Locust bean gum E410 (LBG, also known as carob gum, carob bean gum, carobin, E410) is a thickening agent and a gelling agent used in food. Though it’s considered safe, some are convinced it has potentially dangerous health effects.
What Is Locust bean gum E410?
Locust Bean Gum E410 is a heat-shock resistant, water-binding, thickening and stabilizing agent. It is used in speeding the coagulation of cheese curds, and slows and thickens the melting of ice cream. When used with cake and biscuit dough, Locust Bean gives a higher yield with a considerable reduction in the amount of eggs necessary. Also, the cakes are softer, have a longer shelf life, firmer texture, can be easily removed from the pans and can be cut or sliced more easily. About 1-2% Locust Bean Gum E410 is used in fruit pie fillings to yield a clearer, more fruit-like filling, which is more palatable and does not mask the flavor. Locust Bean Gum E410, in combination with other hydrocolloids, stabilizes a variety of prepared foods as instant dry sauces and soups, frozen concentrated soups and frozen butter and cheese sauces for vegetable and fish dishes. This gum also stabilizes and thickens mayonnaise, tomato catsup, and natural as well as imitation whipped cream.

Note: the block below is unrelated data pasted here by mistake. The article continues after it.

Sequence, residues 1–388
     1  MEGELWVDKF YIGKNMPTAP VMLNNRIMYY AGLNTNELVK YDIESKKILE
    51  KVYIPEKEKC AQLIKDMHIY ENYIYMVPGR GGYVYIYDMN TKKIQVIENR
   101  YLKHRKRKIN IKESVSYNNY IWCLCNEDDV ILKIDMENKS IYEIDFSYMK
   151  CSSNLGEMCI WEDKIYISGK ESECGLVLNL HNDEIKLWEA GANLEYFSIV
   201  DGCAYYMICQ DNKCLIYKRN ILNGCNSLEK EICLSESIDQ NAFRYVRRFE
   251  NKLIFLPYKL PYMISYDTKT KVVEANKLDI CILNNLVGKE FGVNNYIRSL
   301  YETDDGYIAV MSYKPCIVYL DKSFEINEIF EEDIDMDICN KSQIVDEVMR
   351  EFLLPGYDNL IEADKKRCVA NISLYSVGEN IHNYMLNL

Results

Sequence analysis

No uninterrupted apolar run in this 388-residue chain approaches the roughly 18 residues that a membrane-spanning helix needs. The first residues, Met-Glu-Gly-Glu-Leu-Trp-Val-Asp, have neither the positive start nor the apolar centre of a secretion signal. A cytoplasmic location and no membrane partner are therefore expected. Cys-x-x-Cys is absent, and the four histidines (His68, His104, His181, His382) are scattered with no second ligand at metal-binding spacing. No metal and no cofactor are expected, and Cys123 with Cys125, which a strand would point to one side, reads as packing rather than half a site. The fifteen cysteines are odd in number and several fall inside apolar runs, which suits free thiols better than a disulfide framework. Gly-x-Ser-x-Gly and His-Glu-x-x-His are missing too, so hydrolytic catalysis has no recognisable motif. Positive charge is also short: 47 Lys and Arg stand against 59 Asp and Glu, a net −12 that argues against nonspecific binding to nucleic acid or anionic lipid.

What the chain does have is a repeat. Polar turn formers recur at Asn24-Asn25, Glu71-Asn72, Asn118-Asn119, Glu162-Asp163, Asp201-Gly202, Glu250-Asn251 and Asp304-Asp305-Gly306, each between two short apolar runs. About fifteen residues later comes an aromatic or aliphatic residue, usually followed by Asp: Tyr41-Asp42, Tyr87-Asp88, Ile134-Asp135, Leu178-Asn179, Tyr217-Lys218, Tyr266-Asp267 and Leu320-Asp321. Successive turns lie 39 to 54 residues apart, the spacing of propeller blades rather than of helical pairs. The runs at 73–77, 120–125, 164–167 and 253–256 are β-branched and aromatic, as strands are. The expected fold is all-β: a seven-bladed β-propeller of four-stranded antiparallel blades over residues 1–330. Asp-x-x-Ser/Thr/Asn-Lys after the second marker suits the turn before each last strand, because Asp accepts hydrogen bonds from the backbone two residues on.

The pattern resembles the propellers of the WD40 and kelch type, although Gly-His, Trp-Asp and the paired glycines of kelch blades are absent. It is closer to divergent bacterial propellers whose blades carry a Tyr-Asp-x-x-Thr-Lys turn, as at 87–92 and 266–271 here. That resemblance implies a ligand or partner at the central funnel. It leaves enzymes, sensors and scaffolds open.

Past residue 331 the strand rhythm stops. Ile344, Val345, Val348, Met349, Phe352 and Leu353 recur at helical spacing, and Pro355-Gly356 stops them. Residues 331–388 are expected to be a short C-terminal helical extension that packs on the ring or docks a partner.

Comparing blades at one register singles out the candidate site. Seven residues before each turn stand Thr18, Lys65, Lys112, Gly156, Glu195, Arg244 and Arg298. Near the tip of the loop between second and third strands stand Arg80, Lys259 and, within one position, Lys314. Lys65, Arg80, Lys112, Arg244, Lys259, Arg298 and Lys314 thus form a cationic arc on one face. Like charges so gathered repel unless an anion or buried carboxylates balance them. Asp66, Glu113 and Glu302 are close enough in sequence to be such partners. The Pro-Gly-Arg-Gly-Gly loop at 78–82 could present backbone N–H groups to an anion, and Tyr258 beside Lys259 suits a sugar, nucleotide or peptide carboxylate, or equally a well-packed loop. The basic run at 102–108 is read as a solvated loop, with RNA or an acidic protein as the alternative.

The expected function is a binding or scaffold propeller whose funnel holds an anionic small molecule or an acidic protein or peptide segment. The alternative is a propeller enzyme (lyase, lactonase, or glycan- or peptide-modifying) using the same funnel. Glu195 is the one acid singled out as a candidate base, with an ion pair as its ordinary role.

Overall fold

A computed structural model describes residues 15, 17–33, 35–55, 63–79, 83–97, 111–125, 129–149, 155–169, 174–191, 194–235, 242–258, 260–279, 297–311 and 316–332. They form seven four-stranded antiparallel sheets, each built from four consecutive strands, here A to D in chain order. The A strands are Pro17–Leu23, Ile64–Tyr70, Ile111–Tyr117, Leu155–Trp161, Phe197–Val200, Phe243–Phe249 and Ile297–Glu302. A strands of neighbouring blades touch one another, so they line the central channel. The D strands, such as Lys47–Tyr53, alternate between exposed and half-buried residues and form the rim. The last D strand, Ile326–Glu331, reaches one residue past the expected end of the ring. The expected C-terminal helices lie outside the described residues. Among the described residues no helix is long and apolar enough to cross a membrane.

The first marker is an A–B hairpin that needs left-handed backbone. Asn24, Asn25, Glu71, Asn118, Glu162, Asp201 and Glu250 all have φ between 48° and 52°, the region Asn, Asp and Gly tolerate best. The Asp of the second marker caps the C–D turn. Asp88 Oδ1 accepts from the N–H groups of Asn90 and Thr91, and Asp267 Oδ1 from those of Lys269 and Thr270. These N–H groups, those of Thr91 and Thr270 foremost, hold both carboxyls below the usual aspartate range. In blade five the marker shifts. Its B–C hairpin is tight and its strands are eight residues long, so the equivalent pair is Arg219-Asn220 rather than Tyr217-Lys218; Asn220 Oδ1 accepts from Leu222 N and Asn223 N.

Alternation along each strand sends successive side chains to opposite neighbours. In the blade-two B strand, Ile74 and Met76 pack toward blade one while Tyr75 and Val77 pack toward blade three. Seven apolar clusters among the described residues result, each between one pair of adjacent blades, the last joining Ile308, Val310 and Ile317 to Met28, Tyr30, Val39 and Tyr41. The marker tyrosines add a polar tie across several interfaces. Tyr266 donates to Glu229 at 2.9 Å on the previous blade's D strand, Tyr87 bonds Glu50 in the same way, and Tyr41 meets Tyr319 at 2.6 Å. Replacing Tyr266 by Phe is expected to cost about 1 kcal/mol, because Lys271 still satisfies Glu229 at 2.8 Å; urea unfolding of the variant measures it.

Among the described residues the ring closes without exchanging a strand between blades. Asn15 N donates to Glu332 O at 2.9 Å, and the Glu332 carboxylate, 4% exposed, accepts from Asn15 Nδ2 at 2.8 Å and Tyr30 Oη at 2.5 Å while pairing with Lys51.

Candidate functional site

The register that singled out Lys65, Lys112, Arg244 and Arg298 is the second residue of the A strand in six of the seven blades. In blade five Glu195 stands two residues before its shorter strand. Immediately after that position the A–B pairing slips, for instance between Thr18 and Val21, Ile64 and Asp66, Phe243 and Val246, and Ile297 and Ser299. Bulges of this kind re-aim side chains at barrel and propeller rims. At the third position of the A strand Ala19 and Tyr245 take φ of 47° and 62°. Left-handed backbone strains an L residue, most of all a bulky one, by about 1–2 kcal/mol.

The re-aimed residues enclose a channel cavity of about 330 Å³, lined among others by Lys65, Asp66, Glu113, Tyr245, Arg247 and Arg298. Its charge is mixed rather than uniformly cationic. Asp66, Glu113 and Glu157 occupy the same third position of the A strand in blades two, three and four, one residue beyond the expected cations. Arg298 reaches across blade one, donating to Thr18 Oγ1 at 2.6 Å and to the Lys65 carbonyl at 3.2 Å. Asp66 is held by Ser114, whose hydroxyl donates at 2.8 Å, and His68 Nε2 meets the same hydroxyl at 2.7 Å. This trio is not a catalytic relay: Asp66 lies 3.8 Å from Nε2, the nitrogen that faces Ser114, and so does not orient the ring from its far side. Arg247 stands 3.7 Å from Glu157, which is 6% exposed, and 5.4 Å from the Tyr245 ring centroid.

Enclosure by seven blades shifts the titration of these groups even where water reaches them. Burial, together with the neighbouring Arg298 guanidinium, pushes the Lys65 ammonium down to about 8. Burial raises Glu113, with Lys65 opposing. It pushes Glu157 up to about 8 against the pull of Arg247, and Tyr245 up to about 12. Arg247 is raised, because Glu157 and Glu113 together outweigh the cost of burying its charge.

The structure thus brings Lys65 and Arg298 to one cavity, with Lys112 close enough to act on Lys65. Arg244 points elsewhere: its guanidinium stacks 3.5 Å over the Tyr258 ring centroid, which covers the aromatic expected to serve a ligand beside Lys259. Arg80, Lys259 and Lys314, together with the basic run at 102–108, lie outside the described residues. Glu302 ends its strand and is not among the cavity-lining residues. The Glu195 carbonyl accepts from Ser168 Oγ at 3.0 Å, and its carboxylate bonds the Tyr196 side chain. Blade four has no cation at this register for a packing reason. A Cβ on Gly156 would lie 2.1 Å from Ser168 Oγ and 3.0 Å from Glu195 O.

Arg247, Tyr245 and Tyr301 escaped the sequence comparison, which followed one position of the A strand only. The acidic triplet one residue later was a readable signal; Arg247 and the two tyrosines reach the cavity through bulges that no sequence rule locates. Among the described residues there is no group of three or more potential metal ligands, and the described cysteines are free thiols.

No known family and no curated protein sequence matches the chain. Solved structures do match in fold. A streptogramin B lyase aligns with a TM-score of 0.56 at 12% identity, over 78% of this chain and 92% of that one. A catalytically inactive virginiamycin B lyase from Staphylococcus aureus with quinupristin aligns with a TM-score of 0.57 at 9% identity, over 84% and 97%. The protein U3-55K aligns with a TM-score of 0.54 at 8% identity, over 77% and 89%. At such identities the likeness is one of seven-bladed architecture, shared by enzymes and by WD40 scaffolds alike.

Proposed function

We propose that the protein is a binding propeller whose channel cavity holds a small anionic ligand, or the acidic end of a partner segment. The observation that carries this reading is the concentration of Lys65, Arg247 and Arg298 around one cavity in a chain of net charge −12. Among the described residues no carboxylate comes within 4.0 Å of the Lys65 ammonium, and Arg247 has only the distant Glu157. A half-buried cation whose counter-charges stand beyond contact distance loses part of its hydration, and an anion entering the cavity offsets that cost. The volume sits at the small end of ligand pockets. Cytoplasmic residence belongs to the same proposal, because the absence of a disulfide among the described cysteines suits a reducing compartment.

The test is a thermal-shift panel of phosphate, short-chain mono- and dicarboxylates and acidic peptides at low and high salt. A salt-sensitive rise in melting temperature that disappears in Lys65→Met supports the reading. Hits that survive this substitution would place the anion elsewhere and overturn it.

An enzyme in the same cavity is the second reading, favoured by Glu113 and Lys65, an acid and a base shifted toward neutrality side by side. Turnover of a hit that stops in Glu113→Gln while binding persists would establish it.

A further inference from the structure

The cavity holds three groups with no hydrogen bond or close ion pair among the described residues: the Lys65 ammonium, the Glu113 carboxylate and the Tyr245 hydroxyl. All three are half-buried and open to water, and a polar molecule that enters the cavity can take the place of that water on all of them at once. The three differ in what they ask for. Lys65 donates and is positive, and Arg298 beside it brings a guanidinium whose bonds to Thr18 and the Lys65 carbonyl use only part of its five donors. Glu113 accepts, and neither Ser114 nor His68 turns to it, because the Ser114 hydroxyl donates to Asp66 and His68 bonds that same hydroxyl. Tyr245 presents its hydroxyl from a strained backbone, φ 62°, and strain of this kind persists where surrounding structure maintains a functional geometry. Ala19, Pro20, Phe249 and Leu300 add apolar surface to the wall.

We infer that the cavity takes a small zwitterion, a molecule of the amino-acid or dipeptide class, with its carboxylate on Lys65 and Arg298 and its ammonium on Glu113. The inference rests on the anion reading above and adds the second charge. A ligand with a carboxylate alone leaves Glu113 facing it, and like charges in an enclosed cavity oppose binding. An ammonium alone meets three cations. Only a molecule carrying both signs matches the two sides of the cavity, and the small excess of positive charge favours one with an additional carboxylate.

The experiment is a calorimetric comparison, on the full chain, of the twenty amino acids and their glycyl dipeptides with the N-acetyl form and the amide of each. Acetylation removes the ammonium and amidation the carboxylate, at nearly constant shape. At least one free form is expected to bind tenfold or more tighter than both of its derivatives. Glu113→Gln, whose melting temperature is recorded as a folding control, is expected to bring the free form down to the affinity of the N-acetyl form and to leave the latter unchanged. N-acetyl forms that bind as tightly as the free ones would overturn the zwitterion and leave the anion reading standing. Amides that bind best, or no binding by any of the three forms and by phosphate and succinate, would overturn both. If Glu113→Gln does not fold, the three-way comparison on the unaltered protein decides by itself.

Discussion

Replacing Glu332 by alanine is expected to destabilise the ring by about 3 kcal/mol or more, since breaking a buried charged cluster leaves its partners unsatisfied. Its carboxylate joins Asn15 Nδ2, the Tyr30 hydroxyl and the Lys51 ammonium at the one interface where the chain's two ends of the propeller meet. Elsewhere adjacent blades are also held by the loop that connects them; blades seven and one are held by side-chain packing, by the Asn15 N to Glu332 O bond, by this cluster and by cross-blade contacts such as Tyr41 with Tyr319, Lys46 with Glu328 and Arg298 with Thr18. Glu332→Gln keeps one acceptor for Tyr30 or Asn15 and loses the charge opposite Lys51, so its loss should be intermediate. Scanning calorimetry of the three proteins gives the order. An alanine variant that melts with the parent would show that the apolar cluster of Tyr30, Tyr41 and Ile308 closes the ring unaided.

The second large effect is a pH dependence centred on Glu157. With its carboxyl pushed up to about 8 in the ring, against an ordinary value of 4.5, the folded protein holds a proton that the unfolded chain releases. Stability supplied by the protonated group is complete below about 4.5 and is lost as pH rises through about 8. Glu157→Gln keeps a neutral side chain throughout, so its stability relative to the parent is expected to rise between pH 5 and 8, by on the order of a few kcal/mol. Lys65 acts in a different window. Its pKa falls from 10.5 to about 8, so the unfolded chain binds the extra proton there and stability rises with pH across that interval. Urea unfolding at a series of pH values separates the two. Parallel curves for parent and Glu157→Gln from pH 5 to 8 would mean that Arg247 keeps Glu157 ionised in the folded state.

Possible Side Effects of Locust bean gum E410
Although Locust bean gum E410 generally regarded as a very safe and effective supplement, there can be some minor side effects. The side effects may: Allergy, Diabetes, Diarrhea, Mononucleosis, IBS, Bloating, Depression, Hives, Weight Gain, Migraines
GRAS Affirmation: Yes
Generally recognized as safe (GRAS) is an American Food and Drug Administration (FDA) designation that a chemical or substance added to food is considered safe by experts, and so is exempted from the usual Federal Food, Drug, and Cosmetic Act (FFDCA) food additive tolerance requirements. Locust bean gum is considered safe.
Special Populations Precaution
There is a lot of concern about diet and nutrition for these population, like Newborns, children, pregnant, sensitive to Locust bean gum populations. Better consult to your doctor if you would like to intake Locust bean gum.
1. Locust bean gum safety in neonates and young infants: An integrated review of the toxicological database and clinical evidence. [Regul Toxicol Pharmacol. 2014 Jul] Author: Meunier L, Garthoff JA, Schaafsma A, Krul L, Schrijver J, van Goudoever JB, Speijers G, Vandenplas Y.
2. Determination of locust bean gum and guar gum by polymerase chain reaction and restriction fragment length polymorphism analysis. [J AOAC Int. 2001 Jan-Feb] Author: Meyer K, Rosa C, Hischenhuber C, Meyer R.
3. Investigation on rectal absorption of indomethacin from sustained-release hydrogel suppositories prepared with water-soluble dietary fibers, xanthan gum and locust bean gum. [Biol Pharm Bull. 1993 Apr] Author: Watanabe K, Yakou S, Takayama K, Machida Y, Isowa K, Nagai T.